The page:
For more information about Iron Mountain or for additional interviews with Leah Minthorn click on the links below:

Chief Learning Officer: Special Report: Metrics and Measurement

Chief Learning Officer: Special Report: Learning Technology

Training Magazine: Paths to Success: Responsibility Vs. Promotion 

HRO Today: Out of Recession, Companies Turn to Training


 Driving Workplace Safety

Topics: Client Focus, Business Issues in Learning, Organizational Change

The Business of Learning: Top 5 Things Your CEO Wants From Your Learning Capability

Posted by Amanda Holm on May 2, 2014 9:12:00 AM

Based on research, what do top executives value?

  1. Performance - CEO’s don’t value learning they value the increased performance that learning can bring.

  2. Business Results, not Learning Results - Instead of measuring learning, measure the results learning brings. Skills and knowledge are the fuel that takes the business where it needs to go.

  3. Drive top business initiatives - Most businesses have a small number of top-priority initiatives each year. Demonstrating how learning helps drive those initiatives creates a clear picture of how you are driving value.

  4. Manage your demand and supply chain - Business needs change over the course of the year, and business expect departments to be responsive. Planning for your learning demand and having a supply chain in place to respond to change helps guarantee to you will drive business goals.

  5. Return on Investment –Measuring the return on the investment in learning programs validates why it is important to build the skills and knowledge of the organization.

PDG has a number of white papers and case studies with examples of programs that drove top business goals for our clients. They include: 




Amanda Cushman Holm is the 
Sales and Marketing Specialist at 
Performance Development Group



Topics: Measurement, Business Issues in Learning

Using Process to Fight Fear on Learning Initiatives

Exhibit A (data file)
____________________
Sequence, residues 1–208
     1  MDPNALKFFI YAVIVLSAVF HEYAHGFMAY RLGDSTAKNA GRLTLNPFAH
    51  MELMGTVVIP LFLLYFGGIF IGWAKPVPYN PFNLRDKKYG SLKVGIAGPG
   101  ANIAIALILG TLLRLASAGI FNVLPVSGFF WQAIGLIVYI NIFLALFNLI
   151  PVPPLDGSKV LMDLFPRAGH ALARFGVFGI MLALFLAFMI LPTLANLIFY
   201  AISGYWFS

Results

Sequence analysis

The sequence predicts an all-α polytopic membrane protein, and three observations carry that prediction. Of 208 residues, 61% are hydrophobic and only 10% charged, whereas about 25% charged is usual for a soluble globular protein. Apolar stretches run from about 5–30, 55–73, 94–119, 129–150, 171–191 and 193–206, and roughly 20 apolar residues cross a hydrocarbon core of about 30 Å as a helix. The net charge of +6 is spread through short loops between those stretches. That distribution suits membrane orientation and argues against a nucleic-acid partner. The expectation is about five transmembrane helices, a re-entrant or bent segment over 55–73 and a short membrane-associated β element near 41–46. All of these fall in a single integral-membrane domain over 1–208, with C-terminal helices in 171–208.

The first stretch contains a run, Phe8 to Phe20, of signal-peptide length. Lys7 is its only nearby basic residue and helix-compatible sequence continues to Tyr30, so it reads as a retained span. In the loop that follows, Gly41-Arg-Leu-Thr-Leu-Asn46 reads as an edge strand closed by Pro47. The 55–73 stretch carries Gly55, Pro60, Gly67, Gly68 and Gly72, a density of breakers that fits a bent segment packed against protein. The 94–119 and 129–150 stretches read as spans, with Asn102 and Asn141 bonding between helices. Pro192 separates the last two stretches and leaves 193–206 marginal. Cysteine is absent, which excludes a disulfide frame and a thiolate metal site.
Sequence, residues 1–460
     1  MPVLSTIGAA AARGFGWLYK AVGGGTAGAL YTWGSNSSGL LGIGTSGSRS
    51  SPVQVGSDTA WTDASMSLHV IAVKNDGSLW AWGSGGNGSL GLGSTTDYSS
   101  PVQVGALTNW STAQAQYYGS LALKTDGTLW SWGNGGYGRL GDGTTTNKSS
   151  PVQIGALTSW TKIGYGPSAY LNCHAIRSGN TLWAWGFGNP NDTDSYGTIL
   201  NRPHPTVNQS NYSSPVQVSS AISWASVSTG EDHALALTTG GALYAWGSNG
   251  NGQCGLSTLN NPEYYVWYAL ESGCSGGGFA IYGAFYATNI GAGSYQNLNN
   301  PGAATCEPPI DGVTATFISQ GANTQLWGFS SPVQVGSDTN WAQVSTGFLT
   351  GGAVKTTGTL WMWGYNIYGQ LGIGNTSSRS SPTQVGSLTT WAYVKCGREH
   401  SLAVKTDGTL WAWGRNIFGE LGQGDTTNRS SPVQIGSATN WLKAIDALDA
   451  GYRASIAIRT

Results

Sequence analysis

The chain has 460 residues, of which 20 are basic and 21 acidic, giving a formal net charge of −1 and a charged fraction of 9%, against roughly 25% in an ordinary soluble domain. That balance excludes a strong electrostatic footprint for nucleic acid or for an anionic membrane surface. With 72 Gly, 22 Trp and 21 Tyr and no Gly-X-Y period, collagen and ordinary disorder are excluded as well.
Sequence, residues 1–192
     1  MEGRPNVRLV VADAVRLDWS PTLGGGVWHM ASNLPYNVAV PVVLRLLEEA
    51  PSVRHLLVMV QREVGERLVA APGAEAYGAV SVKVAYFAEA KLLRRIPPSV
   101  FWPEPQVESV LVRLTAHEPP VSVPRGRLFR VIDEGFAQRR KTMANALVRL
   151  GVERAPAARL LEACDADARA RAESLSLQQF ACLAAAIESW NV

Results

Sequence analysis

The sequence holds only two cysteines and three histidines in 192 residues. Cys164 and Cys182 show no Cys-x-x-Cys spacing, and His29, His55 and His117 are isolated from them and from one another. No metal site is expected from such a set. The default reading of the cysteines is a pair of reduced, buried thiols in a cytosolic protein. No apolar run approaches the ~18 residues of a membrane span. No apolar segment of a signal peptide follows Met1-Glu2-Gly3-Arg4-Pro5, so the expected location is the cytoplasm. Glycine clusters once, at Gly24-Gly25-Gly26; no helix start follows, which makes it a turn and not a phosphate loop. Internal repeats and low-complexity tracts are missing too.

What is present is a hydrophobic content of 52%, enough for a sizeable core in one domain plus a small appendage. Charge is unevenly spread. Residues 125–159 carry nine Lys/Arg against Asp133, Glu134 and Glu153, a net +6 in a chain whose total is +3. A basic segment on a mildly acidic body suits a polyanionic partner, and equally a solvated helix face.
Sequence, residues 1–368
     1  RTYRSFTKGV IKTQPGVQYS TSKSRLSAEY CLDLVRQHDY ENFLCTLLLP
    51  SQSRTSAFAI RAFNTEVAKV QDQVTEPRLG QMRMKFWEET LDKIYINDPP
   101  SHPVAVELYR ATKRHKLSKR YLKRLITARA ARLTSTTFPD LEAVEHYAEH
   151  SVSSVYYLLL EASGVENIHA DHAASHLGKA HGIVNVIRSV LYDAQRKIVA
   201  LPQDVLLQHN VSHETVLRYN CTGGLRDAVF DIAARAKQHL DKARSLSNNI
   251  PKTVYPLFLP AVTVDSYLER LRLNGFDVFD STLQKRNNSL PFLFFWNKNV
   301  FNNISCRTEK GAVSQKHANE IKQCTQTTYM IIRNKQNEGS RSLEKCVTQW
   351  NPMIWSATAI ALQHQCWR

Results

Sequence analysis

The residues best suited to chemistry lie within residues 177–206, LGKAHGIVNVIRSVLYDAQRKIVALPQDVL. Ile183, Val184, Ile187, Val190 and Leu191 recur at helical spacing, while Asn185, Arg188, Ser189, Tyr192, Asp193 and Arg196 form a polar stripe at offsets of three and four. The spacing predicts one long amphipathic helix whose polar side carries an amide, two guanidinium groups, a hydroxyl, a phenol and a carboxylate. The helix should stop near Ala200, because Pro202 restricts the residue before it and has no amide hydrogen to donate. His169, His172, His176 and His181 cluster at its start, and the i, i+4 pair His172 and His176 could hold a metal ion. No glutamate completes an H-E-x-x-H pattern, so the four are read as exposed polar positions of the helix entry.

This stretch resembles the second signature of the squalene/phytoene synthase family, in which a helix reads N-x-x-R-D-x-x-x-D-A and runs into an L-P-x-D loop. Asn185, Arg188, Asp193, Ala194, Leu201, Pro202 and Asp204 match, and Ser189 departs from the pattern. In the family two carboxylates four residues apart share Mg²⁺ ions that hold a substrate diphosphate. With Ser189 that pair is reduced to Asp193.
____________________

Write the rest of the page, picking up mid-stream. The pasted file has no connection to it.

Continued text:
Posted by Julie Flanigan on Oct 31, 2013 10:20:00 AM

fearIt’s Halloween, so it seems like a good day to talk about fear.

One of my clients shared with me that she has been doing a lot of thinking about the influence fear has had in her professional life. She pondered the questions “What if I had spoken up in that meeting when my gut was telling me that the path the team was going down would lead to a dead end? What if I simply said no to a request I believed was not aligned to the company’s true goals and mission?” 

In these turbulent economic times, it seems like fear is part of everyone’s work life. Whether our fear comes from losing a job, a sale, a goal or simply admitting you don’t know the answer, the end result seems to be the same. Often decisions are made based on fear, resulting in wasted time and resources. How do we stop this cycle before it starts? How do we truly learn from these experiences and achieve greater understanding and usefulness in our organizations?

My client’s latest training initiative was two weeks away from being deployed. During a meeting with the CLO, it became clear that her project might be put on hold or cancelled altogether. She shared with me that she was afraid of her project getting cancelled and losing her job. My client had a dilemma: how could she overcome her fear, disagree with leadership and try to save her project? I advised her to take a deep breath, swallow hard and look at the bottom-line cost of derailing a training event; focus on the business issues, not the emotional issues.

The reconsideration/cancellation of a nearly-complete or newly deployed learning solution affects the organization both qualitatively and quantitatively. The cost to the organization is great, including the budget dollars and hours spent on resourcing the project not to mention the project team engagement, motivation and morale. The most significant cost to the organization is inability to realize and benefit from the objectives and goals of the training.  Fear and failure to change results in ongoing costs and prevents the organization from ever seeing a return on their investment.